I have heard about settlements in New York Workers' Compensation known as a Schedule Loss of Use and a Section 32. Can you explain I only injured my arm?

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Answer

There are many different types of settlements. As your attorney, it would be my job to review the needs of the injured worker both medically and financially. Once this evaluation is complete, the client can best decide which type of settlement may be best.

For example, there is a settlement known as a Schedule Loss of Use. This type of settlement is used when all treatment has been completed and the injured worker has returned to work. A Schedule Loss of Use settlement is used to identify permanent loss of use to  limbs including the  hands and feet or vision loss. The injured worker would be entitled to a medical evaluation. The percentage loss of use would be recorded by the treating doctor on a form known as a C-4.3. The carrier would also have the opportunity to have the injured worker evaluated on the same issue. Once each party has its respective reports, the parties would be able to negotiate a resolution. If an agreement cannot be reached, the law judge would direct testimony of each doctor. Based on the testimony, the law judge would make a decision on Schedule Loss of Use. Once either an agreement is made or the law judge has made a decision, the law judge would review and approve an attorney fee. The approved attorney fee will be paid out of the settlement funds. This type of settlement does not prohibit the injured worker from obtaining future benefits.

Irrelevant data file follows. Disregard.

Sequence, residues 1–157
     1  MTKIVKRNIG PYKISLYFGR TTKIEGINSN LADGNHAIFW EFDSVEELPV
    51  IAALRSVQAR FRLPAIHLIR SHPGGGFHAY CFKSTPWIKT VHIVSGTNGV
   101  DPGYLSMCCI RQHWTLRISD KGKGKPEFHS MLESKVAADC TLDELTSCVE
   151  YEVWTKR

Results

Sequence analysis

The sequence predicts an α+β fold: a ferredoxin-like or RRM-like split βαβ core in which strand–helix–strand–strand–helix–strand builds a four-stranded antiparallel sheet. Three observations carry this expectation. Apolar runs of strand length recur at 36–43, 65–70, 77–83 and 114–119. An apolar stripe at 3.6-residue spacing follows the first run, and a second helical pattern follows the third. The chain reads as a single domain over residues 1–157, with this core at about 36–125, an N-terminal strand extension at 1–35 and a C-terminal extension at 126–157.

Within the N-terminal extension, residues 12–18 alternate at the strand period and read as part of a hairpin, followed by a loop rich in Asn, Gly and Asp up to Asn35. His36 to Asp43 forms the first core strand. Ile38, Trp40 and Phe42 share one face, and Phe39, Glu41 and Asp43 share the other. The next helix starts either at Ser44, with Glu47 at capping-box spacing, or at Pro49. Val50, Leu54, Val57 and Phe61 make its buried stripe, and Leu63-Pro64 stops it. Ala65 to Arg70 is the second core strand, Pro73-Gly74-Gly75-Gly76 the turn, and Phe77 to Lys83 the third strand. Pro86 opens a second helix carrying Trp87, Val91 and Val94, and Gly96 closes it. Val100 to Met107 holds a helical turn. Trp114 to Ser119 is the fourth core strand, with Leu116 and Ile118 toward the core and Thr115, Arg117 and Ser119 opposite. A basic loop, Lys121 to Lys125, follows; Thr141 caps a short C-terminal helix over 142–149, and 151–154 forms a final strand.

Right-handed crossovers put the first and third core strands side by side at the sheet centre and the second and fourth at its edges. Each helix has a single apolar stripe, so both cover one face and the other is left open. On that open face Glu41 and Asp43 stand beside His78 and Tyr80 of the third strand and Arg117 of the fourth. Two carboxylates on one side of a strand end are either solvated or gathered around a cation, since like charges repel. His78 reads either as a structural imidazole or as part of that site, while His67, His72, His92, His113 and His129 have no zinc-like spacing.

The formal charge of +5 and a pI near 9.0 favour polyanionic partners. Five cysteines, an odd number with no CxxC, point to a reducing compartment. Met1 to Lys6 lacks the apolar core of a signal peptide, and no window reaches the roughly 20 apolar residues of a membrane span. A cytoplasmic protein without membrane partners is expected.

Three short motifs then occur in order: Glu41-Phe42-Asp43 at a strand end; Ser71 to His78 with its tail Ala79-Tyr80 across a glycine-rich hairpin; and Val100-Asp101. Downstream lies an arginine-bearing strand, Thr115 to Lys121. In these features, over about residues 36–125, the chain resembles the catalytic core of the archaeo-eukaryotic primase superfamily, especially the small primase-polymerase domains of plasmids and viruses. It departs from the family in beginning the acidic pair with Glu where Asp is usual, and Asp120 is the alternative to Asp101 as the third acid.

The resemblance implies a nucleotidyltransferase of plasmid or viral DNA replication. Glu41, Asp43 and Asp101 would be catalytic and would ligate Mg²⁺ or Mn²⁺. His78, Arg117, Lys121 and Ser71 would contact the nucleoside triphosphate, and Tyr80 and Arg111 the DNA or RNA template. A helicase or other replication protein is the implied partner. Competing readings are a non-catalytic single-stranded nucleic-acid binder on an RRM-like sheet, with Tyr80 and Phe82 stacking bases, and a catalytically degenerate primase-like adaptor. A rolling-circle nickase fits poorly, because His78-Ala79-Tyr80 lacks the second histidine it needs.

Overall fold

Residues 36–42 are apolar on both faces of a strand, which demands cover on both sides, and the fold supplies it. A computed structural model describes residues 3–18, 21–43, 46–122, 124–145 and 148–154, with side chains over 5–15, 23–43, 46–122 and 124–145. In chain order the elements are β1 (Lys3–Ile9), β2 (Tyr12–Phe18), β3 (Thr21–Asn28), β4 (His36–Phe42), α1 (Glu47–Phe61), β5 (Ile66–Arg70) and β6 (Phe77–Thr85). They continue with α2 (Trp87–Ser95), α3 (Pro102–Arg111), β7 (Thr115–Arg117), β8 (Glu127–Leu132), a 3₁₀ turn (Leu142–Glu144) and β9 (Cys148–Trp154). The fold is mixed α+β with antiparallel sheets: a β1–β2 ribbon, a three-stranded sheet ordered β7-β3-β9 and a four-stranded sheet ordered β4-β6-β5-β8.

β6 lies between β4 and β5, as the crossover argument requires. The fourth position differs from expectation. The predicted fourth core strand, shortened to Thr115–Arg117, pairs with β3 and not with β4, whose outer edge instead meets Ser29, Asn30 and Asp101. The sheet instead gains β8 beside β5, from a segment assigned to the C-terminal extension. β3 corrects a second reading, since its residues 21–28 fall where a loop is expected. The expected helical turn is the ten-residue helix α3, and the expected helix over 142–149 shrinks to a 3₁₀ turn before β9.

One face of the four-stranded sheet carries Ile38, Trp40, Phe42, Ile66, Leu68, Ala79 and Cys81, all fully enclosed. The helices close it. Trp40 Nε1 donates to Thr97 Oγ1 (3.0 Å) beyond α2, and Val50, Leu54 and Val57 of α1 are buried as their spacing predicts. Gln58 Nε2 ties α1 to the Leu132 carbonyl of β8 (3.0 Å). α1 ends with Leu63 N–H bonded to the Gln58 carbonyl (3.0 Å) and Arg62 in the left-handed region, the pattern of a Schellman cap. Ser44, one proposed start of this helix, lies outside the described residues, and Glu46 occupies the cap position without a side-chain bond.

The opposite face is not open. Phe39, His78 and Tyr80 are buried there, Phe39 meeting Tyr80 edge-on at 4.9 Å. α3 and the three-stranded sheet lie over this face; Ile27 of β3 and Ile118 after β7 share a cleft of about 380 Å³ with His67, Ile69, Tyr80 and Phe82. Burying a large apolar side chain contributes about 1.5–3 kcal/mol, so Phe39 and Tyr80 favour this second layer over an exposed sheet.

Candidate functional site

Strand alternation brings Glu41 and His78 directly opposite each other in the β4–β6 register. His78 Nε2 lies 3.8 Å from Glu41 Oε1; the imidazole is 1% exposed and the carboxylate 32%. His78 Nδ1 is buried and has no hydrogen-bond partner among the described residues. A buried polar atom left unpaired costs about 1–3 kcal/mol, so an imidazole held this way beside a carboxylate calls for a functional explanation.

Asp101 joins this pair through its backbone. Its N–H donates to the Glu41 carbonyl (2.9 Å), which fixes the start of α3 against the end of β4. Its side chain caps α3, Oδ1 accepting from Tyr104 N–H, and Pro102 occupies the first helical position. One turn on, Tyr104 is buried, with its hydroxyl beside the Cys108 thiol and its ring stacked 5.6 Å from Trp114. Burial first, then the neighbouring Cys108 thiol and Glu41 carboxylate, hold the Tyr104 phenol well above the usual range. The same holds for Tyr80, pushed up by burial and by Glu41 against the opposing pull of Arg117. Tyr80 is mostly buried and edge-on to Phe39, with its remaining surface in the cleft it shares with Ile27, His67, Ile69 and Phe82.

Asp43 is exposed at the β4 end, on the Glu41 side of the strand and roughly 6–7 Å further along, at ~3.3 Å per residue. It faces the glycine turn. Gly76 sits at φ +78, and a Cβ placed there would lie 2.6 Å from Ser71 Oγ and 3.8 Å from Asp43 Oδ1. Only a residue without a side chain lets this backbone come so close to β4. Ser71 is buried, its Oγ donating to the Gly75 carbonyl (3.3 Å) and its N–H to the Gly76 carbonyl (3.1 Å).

Another example of a settlement would be to finalize your case via Section 32. A Section 32 settlement would allow the case to be permanently closed with a financial settlement that represents potential future loss time and future medical costs. Of course, the Social Security Administration and the Centres for Medicare & Medicaid Services (CMS) would review the effects of the settlement on future Medicare benefits. A portion of the Section 32 funds may be earmarked by CMS to be placed in a set-aside account. The monies placed in this account post settlement, would be to pay for future medical treatment bills that Social Security will not pay for until the account is extinguished. The agreement would be submitted to the NYS Workers' Compensation Board. The Board would place the case on the calendar for a final hearing. The agreement will state that the attorney fee is payable by the claimant and reduced from the settlement. 

Any settlement received from a workers' compensation case may effect the recovery in the personal injury case. The client is encouraged to discuss settlement plans with their third party attorney.  

Disclaimer:

The answer is intended to be for informational purposes only. It should not be relied on as legal advice, nor construed as a form of attorney-client relationship.

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